Parents and teachers work together for your child’s school success
From pizza days to fundraisers, parent council to field trips – just because your child is in school during the day doesn’t mean you’re off the clock. While it is easy to assume teachers bear the responsibility for success in the classroom, studies show that the more involved you are as a parent, the more successful your child will be during their time at school.
In fact, research consistently shows that students with involved parents continually display improved social behaviour, adapt well to school, perform well academically, enroll in high-level programs, experience increased self-esteem, attend school regularly and are more likely to graduate.
Knowing the positive impact parent involvement will have in the long term, how can you ensure that you’re present enough to help your child reach their full potential inside and outside classroom walls?
Be a team player.
Think of yourself as a partner in managing your child’s education. Get to know your teammates, including your child’s teachers, teaching assistants, before and after school care providers etc. Knowing how your child is doing in the classroom helps you to gauge their abilities in the home environment. Understanding the milestones your child is expected to achieve will help you understand how to better support them in the home.
Monitor academic milestones.
No, we’re not telling you to build your child’s papier-mâché sea turtle for art class. We’re encouraging you to ask the right questions and stay in the know when it comes to upcoming assignments, exams and projects. Doing so not only keeps you connected to your child but also encourages accountability outside the classroom.
Volunteer at School (as much as you can).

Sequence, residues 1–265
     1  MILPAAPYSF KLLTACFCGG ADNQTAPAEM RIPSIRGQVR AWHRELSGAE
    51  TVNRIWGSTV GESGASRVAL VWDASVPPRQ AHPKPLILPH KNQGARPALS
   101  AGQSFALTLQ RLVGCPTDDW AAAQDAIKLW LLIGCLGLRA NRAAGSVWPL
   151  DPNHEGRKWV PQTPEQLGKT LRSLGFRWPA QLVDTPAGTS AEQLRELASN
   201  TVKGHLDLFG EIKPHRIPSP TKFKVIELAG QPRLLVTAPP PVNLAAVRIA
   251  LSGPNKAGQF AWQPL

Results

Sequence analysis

Needless to say, being present is the easiest way to be present. Of course, time doesn’t always allow for you to take hours out of the middle of your busy day. Commit yourself to volunteering on a quarterly basis. Make the time to be a present figure in your child’s school life. Not only does this show your child that you’ll make the time to get involved, but it also provides you with additional insight into school dynamics, friendships and issues that he/she may not discuss when at home.
Ask the right questions.
Showing a genuine interest in your child’s school activities can be just as important as showing up for a school function or event. In addition to creating a strong bond between you and your child, constant communication allows you to gauge your child’s abilities on both an academic and behavioural level. This enables you to follow along in your child’s progression and makes it easier to identify when they might in need of some extra support.
The best part? Increasing your involvement with the school actually helps make you more confident in your parenting and decision-making skills. A win-win for all involved and the first step in creating a support system that works – for you and your child.